Whatever miracles may have earned St. Gregory his nickname, they were not miracles of honest lucidity. His words convey the characteristically obscurantist flavor of theology, which - unlike science or most other branches of human scholarship - has not moved on in eighteen centuries. Thomas Jefferson, as so often, got it right when he said, 'Ridicule is the only weapon which can be used against unintelligible propositions. Ideas must be distinct before reason can act upon them; and no man has ever had a distinct idea of the Trinity. It is the mere Abracadabra of the mountebanks calling themselves the priests of Jesus.'

Richard Dawkins. Portion of Chapter two of 'The God Delusion"

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Randy
Sophomore Guide
link   author  Randy    7 years ago

Jefferson's words on the Trinity and Dawkin's analysis of them is indisputable. Since there is no way to make it reasonable, it can not be taken seriously.

 
 
 
Larry Hampton
Professor Guide
link   Larry Hampton    7 years ago

It is not clear why the change from polytheism to monotheism should be assumed to be a self-evident progressive improvement. But it widely is - an assumption that provoked Ibn Warraq (author of Why I Am Not A Muslim) wittily to conjecture that monotheism is in turn doomed to subtract one more god and become atheism.

This is an important idea. 

The movement away from polytheism, towards monotheism, was actually proceeded by a movement away from animism, towards Polytheism. There was a time in our history when we held all of nature, everything around us as being Devine. When the sacred was experienced constantly, and not seen as being a separate entity from nature or indeed, separate from ourselves.

 
 
 
Randy
Sophomore Guide
link   author  Randy  replied to  Larry Hampton   7 years ago

I know it bothers a lot of people, but to me the logical conclusion, many generations from now, is atheism. The major religions are strong now, but each has major cracks that could split them open someday.

 
 
 
Larry Hampton
Professor Guide
link   Larry Hampton  replied to  Randy   7 years ago

I admit that atheism confuses me some. I mean, I think I understand the no-god idea (not as in agreeing, but rather stating what I think I understand), what I don't understand is, what is believed in. Besides having a doctrine of no-god, what does atheism believe in? Do you know what I mean?

 
 
 
Randy
Sophomore Guide
link   author  Randy  replied to  Larry Hampton   7 years ago

I understand what you are asking. Atheism is sort of the anarchy of belief. There are no doctrines or dogma or rituals or church meeting, etc. There are some light atheists who have joined together to try to advance it, but to me that's still just another religion. Just another faith. I have no faith. It's not that I don't believe there is not a god. Belief has nothing to do with it at all. It is the opposite of belief, an absence of belief. I know there is not one. I am a "strong" atheist.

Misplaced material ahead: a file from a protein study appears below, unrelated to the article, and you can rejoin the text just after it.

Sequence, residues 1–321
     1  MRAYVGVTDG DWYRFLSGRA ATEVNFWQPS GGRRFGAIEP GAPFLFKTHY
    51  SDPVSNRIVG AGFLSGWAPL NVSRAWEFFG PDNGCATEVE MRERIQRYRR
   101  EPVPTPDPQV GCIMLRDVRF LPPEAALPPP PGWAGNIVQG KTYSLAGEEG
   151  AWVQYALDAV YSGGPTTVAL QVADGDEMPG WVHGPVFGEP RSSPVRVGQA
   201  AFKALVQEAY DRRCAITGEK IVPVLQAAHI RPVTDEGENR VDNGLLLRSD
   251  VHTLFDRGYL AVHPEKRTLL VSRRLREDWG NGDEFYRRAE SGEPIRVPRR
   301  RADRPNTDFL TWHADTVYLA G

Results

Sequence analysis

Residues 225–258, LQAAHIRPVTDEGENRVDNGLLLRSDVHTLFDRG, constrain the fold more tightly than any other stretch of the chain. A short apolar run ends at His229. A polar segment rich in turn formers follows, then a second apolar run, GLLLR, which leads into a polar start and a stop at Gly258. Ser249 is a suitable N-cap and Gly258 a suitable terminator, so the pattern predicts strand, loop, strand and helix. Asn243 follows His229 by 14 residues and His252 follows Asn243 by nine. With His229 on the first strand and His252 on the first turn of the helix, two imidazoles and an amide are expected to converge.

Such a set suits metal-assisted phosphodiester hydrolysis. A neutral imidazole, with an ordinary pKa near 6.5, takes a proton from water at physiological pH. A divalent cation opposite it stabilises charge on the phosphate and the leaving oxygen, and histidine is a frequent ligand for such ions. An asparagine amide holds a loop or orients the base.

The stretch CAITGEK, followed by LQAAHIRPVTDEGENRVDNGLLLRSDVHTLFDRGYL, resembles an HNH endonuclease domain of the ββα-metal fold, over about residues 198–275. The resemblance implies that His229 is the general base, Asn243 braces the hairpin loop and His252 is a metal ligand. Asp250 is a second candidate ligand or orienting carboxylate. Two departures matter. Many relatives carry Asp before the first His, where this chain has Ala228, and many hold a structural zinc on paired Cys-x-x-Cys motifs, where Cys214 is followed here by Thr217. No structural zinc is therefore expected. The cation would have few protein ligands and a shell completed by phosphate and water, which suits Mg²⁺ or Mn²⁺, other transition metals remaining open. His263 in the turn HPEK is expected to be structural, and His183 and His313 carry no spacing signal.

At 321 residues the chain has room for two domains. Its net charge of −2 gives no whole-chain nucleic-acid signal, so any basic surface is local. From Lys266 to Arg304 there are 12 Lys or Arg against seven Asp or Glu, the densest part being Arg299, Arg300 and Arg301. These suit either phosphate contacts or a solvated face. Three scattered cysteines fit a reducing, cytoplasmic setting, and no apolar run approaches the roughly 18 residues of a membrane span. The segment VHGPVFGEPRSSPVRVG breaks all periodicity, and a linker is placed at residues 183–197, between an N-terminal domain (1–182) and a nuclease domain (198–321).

Dawkins lists people like this:

  •  Strong theist. 100% certain there is a God. In the words of C.G Jung, 'I do not believe there is  god, I know'.
  • Very high probability, but short of 100%. De facto theist. 'I cannot not know for certain, but I strongly believe in God and live my life on the assumption that he is there.'
  • Higher then 50% but not very high. Technically agnostic, but leaning towards theism. 'I am very uncertain, but I am inclined to believe in God.'
  • Exactly 50% Completely impartial agnostic. 'God's existence  and non-existence are exactly equiprobable.'
  • Lower then 50%, but not very low. Technically agnostic, but leaning towards atheism. 'I don't know if God exists, but I am inclined to to be skeptical.'
  • Very low probability, but short of zero. De facto atheist. 'I cannot know for certain but I think God is highly improbable, and I live my life on the assumption that he is not there.'
  • Strong atheist. 'I know there is no God with the same conviction conviction Jung 'knows' there is one.'

That's seven possibilities and Dawkins describes himself as a 6, leaning toward 7 (strong atheist). I am a number 7 with no doubts whatsoever.

 
 
 
Larry Hampton
Professor Guide
link   Larry Hampton  replied to  Randy   7 years ago

Thank you Randy, that helps.

Would you consider an animist then to be an atheist?

btw, hope you are well. It appears that some places out your direction have had some flooding and mudslides.

 

 
 
 
Randy
Sophomore Guide
link   author  Randy  replied to  Larry Hampton   7 years ago

Well I still think that being an animist is still a form of worship, but I certainly consider it harmless and fine by me. I strongly doubt an animist is going to knock on my font door and ask if I have heard the good news of Oak trees.Laugh